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STROLLERS, CARTS, AND OTHER LARGE ITEMS ON BUSES AND TRAINS SUMMARY Strollers, Carts, and Other Large Items on Buses and Trains is a synthesis of the state of the practice by transit agencies in managing capacity on vehicles carrying customers with large items. Items covered in this TCRP Synthesis include wheelchairs; Segways, scooters, and other mobility aids; strollers; bicycles; luggage; and miscellaneous large items such as skis and dog carriers. The synthesis also includes a discussion of vehicle designs to accom- modate these various large items. Information was collected through a literature review, an original survey of 42 tran- sit agencies in the United States and Canada that achieved a 100% response rate; and interviews conducted with survey respondents who had a particular success, innovation, or experience that highlighted issues with large items. Among the surveyed agencies, service areas included very small communities and very large regions (from 15 to 3,350 square miles) and annual respondent ridership ranging from roughly 294,000 to 3.36 bil- lion. Agencies included those with fleets of no more than six vehicles to more than 11,000 vehicles at peak operation. As evidenced by the literature review, with the exception of wheelchairs and many types of mobility devices, policies regarding bicycles, strollers, luggage, carts, and other large items seem to be developed in response to particular circumstances experienced by the transit agencies. Of the large items that buses and trains carry in the United States, wheelchairs have the clearest and most universal guidelines for accommodation on vehicles. The federal govern- ment has codified specific measurements for wheelchairs on public transport vehicles in conjunction with requirements resulting from passage of the Americans with Disabilities Act (ADA), and 80% of the surveyed agencies have a policy in place regarding the accom- modation of wheelchairs on transit vehicles. Most of the agencies' policies, including those in Canada, reflect ADA requirements with regard to size and weight of wheelchairs that may be accommodated, based on American National Standards Institute and Rehabilita- tion Engineering and Assistive Technology Society of North America transit-compliant wheelchair "WC19" standards. Most agencies that operate buses require their drivers to provide assistance to secure wheelchairs. Several agencies identified concerns about accommodating nonstandard, oversize, or overweight wheelchairs. With an increasing number of transit riders using nontraditional mobility aids or scooters that exceed standard size and weight conventions, many agencies are challenged to accom- modate these devices or develop policies that prohibit them. Some agencies are unaware of them until a rider attempts to bring one on a transit vehicle. The Segway and other gyro- stabilized two-wheeled devices are allowed on most rail operations, but only 13 of the 40 surveyed agencies operating buses have a policy to accommodate Segways. Several of the agencies that attempt to accommodate these devices express concerns that securements in their existing vehicles are not properly sized for them. Nevertheless, three-quarters of the agencies with scooter or Segway policies in place consider them to be effective.

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2 The problem of accommodating strollers has grown as their size has increased. As a result of several mishaps and conflicts on board transit vehicles, several agencies have adjusted their stroller policies in the last decade, whereas some agencies have made efforts to better accom- modate strollers. One California transit agency created designated stroller areas on its buses. A majority of the surveyed agencies consider strollers to be a significant issue or concern for their operations, primarily owing to worries about safety when strollers block aisles. Most of the policies do not limit the size of strollers, and among agencies with stroller pol- icies, most require strollers to be foldable or collapsible. Although few agencies can point to safety data as the basis for their stroller policies, a majority of agencies believe their stroller polices are effective, but often drivers are inconsistent in enforcing the policies. Agencies that operate rail services allow for bikes on trains at least some of the time or in at least some locations. Although a few transit agencies allow bicycles to be carried inside a bus, most have made efforts to add external bicycle racks (84% of agencies reported that they have external bike racks on at least some of their operating fleet). Agencies sometimes allow bikes inside buses when exterior racks are at capacity, but almost one-half of the agen- cies that allow bikes inside buses require them to be foldable. Most agencies consider their bicycle policies to be effective. Although more than one-half of the surveyed agencies consider luggage, carts, and other large items to be an important issue, polices regarding these items are not as universal as policies for bicycles, strollers, or mobility devices. Existing policies range from being simple and permissive to very detailed in their restrictions. Several transit agencies have size restric- tions or limit the number of grocery bags that may be brought on board transit vehicles. Unlike policies regarding bikes, strollers, and other items, few differences exist between the policies on buses and the policies on rail vehicles. Several agencies restrict passengers to what they can reasonably carry on a vehicle, and a majority of agencies have a policy that requires luggage, grocery carts, or parcels to be stored in a specific location on a vehicle. Most agencies' policies afford drivers some flexibility in assisting passengers with lug- gage, unlike other items. Agencies serving recreational areas have policies regarding skis, snowboards, and surfboards. The synthesis reviews various types of transit vehicles and the modifications that some agencies have made to their vehicles to accommodate large items. Several agencies have ordered new vehicles--buses and rail cars--that have dedicated space, storage racks, or securement area for mobility devices, bicycles, luggage and other large items. Nevertheless, the majority of agencies surveyed indicated that designated storage/space for large items is not an issue when purchasing new vehicles. Safety for passengers and drivers is one of the primary reasons agencies develop their policies. Risk management practices also impact an agency's policies. Agencies reported injuries that ranged from minor scrapes and pinched fingers to significant accidents. More than one-half of all agencies receive complaints related to bringing strollers, carts, luggage, bicycles, mobility aids, or other large items on vehicles. Nearly one-half of all agencies prioritize one item over another on their vehicles. All of these agencies indicated that persons with disabilities take precedence. Almost one-half of agencies believe their policies regarding bringing large items on transit vehicles could be improved, and many suggest that enforcement is a significant issue. Among agencies that operate buses, 92% of them expect drivers to enforce the agency's policies. Only one-fifth of all agencies believe the agency's enforcement of its policies is very effective.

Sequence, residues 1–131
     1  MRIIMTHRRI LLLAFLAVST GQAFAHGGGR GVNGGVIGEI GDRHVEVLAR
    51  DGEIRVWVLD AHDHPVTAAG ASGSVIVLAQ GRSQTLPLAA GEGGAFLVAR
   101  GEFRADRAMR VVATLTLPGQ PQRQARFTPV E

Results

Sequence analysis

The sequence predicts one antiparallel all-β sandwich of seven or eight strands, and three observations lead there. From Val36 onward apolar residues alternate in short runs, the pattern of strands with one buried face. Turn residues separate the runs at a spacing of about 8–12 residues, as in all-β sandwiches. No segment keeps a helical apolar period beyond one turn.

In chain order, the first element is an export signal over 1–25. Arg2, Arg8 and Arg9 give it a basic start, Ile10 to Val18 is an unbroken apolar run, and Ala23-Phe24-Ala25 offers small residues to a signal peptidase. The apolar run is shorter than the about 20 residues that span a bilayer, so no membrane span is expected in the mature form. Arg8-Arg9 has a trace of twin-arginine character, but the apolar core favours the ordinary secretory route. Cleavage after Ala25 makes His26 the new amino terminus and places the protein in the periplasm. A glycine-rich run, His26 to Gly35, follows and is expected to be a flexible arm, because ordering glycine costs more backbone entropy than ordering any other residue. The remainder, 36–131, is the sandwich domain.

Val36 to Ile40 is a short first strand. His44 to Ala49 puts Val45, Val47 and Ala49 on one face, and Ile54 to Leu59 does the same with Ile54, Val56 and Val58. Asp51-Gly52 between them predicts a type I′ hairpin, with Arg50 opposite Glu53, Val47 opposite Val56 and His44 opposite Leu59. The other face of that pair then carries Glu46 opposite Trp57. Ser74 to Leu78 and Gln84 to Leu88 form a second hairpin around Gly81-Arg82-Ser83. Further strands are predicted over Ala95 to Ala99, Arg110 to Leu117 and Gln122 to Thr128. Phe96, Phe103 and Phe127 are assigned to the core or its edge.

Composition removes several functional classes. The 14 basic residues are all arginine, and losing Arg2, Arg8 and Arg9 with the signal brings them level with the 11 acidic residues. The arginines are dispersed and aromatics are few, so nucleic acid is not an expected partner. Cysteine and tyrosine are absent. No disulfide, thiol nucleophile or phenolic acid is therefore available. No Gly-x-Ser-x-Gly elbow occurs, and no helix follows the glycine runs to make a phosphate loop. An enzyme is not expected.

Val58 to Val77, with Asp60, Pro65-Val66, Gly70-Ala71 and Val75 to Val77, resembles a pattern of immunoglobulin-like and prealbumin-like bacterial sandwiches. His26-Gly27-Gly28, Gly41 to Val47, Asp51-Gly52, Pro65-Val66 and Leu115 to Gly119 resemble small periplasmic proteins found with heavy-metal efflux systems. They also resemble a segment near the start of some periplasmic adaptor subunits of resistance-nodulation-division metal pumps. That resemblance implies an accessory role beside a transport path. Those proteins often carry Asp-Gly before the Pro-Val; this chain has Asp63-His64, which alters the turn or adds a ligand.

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3 Overall, the synthesis provides an opportunity to disseminate information about agency policies and procedures. The analysis suggests additional research that could be carried out to find solutions to some of the questions raised in this synthesis: Equipment tests and other research techniques might be valuable to evaluate oversized wheelchairs, two-wheeled, and other new mobility devices to determine whether they could be accommodated on transit vehicles. Further study could evaluate the potential utility and safety of bungee cords, belts, or other tools that riders may use to secure mobility devices. Research might consider universal securement devices that could accommodate the array of mobility aids and other large items on transit vehicles. Research regarding strollers on transit vehicles might focus on (1) stroller types and size trends; (2) vehicle configurations for best accommodating strollers (i.e., stroller seating area, high-floor versus low-floor); and (3) findings about strollers in vehi- cle accidents, making a determination on whether children could remain in or be removed from strollers on transit vehicles. Information gathered for this synthesis, both from the literature review and survey, offers little direction for transit agencies in establishing a policy based on child safety findings, pointing to a gap in current transportation research. Further research about bicycles on transit vehicles might include opportunities to evaluate promotion of folding bikes on transit vehicles or for transit agencies to offer bicycles to bus or train riders at transit stops or stations. The examples of bike rental facilities in Stockholm, Sweden; Paris, France; and Long Beach, CA, show that some communities are moving in this direction. Tests may be conducted to examine how the various policies regarding bringing large items (including grocery carts, wheelchairs, and different mobility aids) on board impact riders' independence, well-being, and overall mobility. Safety evaluations of large items as hazards or potential projectiles on buses and trains may provide some risk management tools for transit agencies. Current infor- mation to help agencies determine policies for items other than wheelchairs, based on passenger safety issues, is limited. An evaluation of vehicle configurations and new technologies might be conducted to determine how to better accommodate luggage, carts, groceries, and other large items. Research might look at capacity and utility of transit vehicles with modular/ flexible spaces versus vehicles equipped with storage areas or racks. Bus operators' capacity to enforce agency policies, given their other responsibilities, is another topic noted in this report. Further research might help define a "reasonable" expectation for bus operators. Given that the overwhelming majority of bus agencies in the survey rely on drivers for enforcement, such research might assist agencies in refining operator responsibilities.